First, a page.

As an example let’s look at a recent .NET malware sample (sha1:8f573a74b71d6db58e129c9ec08c93c151a10c289e22af76886cec412d937e07, virustotal reference) using the dotPeek 1.1 decompiler. Detailed examination shows the use of randomized and mangled names, which makes it significantly harder to follow and understand the malware’s logic.

 

 Figure 1.png

 

Figure 1: dotPeek 1.1 decompiler result, malware sample mangled names.

 

  When faced with mangled names inside assemblies, I find it useful to push these through the de4dot tool (https://github.com/0xd4d/de4dot), a .NET de-obfuscator and unpacker).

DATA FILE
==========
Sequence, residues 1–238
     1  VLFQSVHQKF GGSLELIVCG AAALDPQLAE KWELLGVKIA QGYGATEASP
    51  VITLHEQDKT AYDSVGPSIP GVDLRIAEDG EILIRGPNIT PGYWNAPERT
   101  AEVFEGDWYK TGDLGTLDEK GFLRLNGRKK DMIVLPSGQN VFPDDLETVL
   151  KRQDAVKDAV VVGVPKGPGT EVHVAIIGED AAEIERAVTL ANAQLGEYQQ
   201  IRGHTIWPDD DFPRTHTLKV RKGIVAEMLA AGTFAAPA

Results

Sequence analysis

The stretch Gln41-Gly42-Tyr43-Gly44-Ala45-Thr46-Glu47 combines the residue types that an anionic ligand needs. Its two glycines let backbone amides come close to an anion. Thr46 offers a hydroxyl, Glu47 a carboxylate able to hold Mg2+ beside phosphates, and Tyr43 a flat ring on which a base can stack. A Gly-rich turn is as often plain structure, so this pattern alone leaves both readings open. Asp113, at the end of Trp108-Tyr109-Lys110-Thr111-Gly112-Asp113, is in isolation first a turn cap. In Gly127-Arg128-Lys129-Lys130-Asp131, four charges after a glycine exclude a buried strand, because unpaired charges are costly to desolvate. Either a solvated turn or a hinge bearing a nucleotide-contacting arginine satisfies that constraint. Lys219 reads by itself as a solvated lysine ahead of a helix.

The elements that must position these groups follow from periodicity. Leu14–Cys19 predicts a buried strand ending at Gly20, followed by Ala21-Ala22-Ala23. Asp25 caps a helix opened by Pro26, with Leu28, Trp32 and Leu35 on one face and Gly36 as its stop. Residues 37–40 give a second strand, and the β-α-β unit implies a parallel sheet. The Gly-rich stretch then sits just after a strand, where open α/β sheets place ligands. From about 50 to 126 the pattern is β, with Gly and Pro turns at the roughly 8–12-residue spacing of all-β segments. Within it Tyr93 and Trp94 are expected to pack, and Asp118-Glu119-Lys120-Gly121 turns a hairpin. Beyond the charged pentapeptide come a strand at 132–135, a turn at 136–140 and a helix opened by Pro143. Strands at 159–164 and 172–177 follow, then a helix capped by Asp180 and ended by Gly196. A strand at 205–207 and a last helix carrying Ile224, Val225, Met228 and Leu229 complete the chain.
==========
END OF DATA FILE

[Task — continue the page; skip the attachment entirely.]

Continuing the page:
Figure 2.png

 

Figure 2: de4dot de-obfuscator command line basic use results

 

 De4dot identified this sample as being processed with the DeepSea 4.1 obfuscator and attempted to de-mangle the names into a somewhat easier-to-follow format.

 

Figure 3.png

 

Figure 3: dotPeek 1.1 decompiler result, malware sample de-obfuscated names after de4dot processing.

 

 Here’s a different example of name obfuscation: (Malware sample sha1:3ad4d3ce337dcb7d736103947ec1f0419760919f2707d4ec64fd78e82f86949c, virustotal reference)

 

Figure 4.png

  

Figure 4: dotPeek 1.1 decompiler results, malware sample – empty space obfuscated function name

 

 The function appears to not have a name. This is possible because method names also depend on the list of methods arguments. For instance, a compiler can distinguish between two methods such as <space bar>(a) and <space bar>(a,b) based on a difference between the list of arguments used in each method call.

 

Running it through de4dot yields somewhat less mangled and obfuscated code:

 

Figure 5.png